Comedian John Bishop has donated 100 laptops to his former school as he warned of a “gulf” in society risks leaving a generation of children behind.
John said that as someone who qualified for free school meals, he would have been among those who needed help to access a computer at home.
The haul of HP laptops - worth tens of thousands of pounds - arrived at Ormiston Bolingbroke Academy in Runcorn on Tuesday, giving pupils the chance to carry on learning while unable to attend school in person.
OBA said John attended the Runcorn secondary from 1978 to 1983 while it was still Brookvale High.
Kathryn Evans, principal, said the offer came "out of the blue" as she praised his continuing support.
Following the donation, the comic paid tribute to the “brilliant teachers” who changed his life for the better.
With schools shut to many pupils and students instead relying on remote and home learning, John said he hoped the laptops would "plug a gap" in government support, citing the risk of children’s education being abandoned during the pandemic, which he branded a “shameful” fate.
John said: “The pandemic has been difficult for everyone, but it has also illustrated the gulf that exists in some parts of society - from the issue of free school meals, to the access of devices to facilitate home learning.
“As a child I qualified for free school meals, so I know I would have been in one of the families that needed help to gain access to a laptop.
“When children are sent home without the tools to facilitate their education they are basically being written off and that is unacceptable to me.
“My life was changed by the commitment of brilliant teachers and a supportive school and I know that ethos is still the same - teachers want to teach and the government have to help and not hinder them.”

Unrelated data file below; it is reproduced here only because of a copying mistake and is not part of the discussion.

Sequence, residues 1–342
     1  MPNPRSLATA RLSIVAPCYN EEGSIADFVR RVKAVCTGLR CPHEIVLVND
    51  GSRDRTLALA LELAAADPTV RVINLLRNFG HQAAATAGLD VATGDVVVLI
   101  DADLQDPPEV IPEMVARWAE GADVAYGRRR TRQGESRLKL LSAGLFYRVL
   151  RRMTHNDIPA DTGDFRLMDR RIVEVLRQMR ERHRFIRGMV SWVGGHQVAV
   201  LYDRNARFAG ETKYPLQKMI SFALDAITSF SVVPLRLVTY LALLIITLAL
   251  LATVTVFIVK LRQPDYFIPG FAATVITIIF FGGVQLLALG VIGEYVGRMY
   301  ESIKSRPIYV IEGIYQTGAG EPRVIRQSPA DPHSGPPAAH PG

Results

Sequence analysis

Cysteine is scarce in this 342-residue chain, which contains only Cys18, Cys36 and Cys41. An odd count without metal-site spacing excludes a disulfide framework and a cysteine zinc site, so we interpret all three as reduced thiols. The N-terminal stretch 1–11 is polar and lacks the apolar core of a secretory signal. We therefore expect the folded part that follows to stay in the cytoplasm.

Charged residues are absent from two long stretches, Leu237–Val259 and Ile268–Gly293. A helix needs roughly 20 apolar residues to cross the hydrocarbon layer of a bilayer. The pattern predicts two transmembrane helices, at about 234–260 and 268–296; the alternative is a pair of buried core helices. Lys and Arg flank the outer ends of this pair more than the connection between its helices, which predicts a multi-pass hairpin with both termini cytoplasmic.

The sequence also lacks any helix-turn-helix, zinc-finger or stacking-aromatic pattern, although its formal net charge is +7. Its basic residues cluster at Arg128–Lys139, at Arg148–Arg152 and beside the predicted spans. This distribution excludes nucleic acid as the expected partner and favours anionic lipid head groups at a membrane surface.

He added: “What I can do for my old school fills a gap, but the reality is that in 2021 our children deserve to be educated properly and that requires the government to provide the tools necessary for home learning immediately.
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“Because every day a child feels irrelevant is a day that we as a society could lose all the potential they offer.
“When this pandemic is over we do not want a generation of children who, through no fault of their own, find themselves left behind.
“Allowing that to happen would be shameful.”
Kathryn Evans, principal, said: “John has been a good friend to our school and community since Ormiston Bolingbroke was founded.
“He came in its first year, at the request of a young man in Year 11 who said it would be his dream to meet him.
“Having made that young man’s dream come true, he has not been a stranger to us since.
“John came to help open the school officially, opened our recording studio some years later and helped us so generously stock the music equipment.
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“John knows and really cares for our community, he got in touch quite out of the blue, knowing that we might well have pupils who don’t have spare laptops for remote learning laying around at home.
“This gift to our pupils is wonderful and that is from a former pupil, makes it all the more special.
“We are so grateful to him and his family.”